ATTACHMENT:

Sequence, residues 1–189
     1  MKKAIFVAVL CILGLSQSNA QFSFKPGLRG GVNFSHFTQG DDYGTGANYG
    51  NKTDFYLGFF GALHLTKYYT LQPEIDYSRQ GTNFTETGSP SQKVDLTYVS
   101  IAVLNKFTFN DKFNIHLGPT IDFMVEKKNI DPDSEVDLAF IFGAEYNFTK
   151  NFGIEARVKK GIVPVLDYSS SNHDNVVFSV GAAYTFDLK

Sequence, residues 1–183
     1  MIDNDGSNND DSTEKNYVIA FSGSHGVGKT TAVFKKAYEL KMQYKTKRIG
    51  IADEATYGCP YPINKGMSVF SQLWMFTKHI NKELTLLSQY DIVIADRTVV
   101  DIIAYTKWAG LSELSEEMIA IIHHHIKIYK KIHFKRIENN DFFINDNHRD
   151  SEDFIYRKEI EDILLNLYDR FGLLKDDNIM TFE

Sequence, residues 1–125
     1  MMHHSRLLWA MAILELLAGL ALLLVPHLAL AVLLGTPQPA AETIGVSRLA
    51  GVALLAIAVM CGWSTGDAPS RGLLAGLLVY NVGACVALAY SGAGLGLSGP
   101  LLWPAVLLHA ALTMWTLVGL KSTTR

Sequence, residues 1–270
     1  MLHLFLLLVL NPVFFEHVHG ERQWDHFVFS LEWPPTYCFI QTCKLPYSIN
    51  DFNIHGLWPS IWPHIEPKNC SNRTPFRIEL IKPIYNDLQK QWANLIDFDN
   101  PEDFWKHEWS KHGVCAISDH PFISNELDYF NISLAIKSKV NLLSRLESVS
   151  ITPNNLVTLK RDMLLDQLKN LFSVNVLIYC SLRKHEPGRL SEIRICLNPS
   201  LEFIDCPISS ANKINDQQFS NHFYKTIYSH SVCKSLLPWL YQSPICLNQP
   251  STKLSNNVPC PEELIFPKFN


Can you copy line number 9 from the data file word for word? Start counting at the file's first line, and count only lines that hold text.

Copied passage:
   101  DIIAYTKWAG LSELSEEMIA IIHHHIKIYK KIHFKRIENN DFFINDNHRD